Movie Reflects the Rivalry of Humans vs. Computers
Published: July 20, 2013
The movie “Computer Chess” — which premiered last week in New York and will open in the rest of the country over the next several months — takes place over a weekend at a nondescript hotel during a North American Computer Chess Championship tournament in the late 1970s or early ’80s, when computers were beginning to master the game.
Though the movie, written and directed by Andrew Bujalski, is fiction, there are references to real games and real people like David Levy, an international master who made a bet with programmers in 1968 that no computer would be able to beat him within 10 years. He won that bet, though he finally lost to a computer in 1988. He is now the president of the International Computer Games Association.
In the movie, there is a Levy-like character named Pat Henderson, a master who makes a similar bet involving a champion computer program called Alliance. But it does beat him.
The critical moment in their game is shown in the top diagram. Henderson, who is White, should have played 1 Kd2, when he would have had a clear edge. Instead, he played 1 Rc5, and after 1 ... b4 2 Rd5 ba3, he resigned by overturning the board because he could not stop one of the Black pawns from promoting to a queen.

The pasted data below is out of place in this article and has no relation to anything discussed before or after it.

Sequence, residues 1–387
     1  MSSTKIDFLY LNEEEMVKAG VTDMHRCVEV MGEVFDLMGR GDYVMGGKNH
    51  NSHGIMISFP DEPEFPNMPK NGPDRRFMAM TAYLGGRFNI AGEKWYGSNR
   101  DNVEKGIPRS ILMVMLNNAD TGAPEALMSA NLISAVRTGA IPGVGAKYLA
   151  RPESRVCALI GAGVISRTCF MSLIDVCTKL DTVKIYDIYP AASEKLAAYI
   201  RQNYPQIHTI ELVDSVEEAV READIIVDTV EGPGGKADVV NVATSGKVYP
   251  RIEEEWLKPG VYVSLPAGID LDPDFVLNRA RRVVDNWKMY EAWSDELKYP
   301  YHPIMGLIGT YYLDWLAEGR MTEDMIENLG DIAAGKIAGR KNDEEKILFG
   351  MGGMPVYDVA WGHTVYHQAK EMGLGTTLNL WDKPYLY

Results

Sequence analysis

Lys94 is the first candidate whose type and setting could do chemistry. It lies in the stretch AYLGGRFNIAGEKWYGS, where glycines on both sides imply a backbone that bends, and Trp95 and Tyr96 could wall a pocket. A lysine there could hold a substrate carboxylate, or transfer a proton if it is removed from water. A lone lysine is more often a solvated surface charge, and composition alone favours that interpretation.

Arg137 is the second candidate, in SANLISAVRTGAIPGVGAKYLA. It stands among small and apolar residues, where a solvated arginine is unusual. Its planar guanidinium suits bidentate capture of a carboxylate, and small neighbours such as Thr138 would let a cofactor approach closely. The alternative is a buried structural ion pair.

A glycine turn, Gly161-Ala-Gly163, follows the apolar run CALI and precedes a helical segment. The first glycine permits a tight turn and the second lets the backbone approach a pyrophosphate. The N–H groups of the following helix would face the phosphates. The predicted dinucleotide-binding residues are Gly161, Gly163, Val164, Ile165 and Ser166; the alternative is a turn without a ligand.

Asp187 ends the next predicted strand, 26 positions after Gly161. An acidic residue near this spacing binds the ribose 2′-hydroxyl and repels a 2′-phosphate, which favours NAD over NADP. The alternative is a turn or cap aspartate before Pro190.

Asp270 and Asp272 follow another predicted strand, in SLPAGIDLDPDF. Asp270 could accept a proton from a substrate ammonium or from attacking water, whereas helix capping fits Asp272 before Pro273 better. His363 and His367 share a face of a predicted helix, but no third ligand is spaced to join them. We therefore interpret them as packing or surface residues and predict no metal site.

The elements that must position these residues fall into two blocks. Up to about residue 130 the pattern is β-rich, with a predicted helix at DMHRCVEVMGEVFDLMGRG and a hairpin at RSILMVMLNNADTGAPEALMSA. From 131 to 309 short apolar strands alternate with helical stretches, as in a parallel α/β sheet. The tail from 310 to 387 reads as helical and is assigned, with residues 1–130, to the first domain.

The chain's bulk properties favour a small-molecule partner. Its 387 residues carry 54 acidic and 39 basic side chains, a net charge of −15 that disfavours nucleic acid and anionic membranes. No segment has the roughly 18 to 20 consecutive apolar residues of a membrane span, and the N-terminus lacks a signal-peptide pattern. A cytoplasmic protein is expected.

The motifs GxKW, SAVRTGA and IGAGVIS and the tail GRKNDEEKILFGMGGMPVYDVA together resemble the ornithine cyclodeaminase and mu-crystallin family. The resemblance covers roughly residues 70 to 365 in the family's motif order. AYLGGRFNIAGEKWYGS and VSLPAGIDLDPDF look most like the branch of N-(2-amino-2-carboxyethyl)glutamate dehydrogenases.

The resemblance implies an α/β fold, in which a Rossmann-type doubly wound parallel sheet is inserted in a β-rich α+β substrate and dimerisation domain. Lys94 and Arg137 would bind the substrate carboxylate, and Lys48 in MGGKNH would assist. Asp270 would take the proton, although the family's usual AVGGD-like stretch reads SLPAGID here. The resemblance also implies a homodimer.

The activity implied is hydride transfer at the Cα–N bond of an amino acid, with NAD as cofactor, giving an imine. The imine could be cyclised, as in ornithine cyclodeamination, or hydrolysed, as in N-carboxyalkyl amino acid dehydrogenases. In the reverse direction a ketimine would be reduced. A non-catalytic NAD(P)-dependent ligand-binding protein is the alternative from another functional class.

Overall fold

Bujalski said in an interview that he played chess “very infrequently and very poorly.” He was inspired to make the movie, he said, when he bought a chess trivia book that included questions about computers and their games. “The notion of a computer chess tournament lodged in my head,” he said.
He focused on early programmers because “what they were doing was fringe enough to the culture at the time.”
“The questions that were science fiction there are now part of our lives now,” he added, “and they don’t seem as important now. Of course, it has had this hugely large impact on chess and how it is played. It is something that players of today are adapting to. That is something that goes beyond chess.”
Bujalski often uses nonactors in his movies, which include “Beeswax,” about twin sisters, and “Mutual Appreciation,” a musician’s story. For “Computer Chess,” he hired computer scientists who helped him make the movie appear as real as possible. He also consulted programmers of the era depicted in the film, including Robert Hyatt, a creator of Cray Blitz, the world computer chess champion in 1983 and 1986, and David Slate, who helped write the program Nuchess.
Peter Kappler, the author of the computer program Grok, researched or created the games used in the movie. The match for the championship showdown between Alliance and a program called Checkers is based on one in the 2001 World Computer Chess Championship between Deep Junior and Shredder.
For the movie, Kappler started with the position from that game after 66 ... Rd6. He then changed the moves so that it ended 67 Qe4 Rf6 68 Nh5 Ra6 69 Qd5 Qd5 70 Bd5 Re6 71 Be6, checkmate.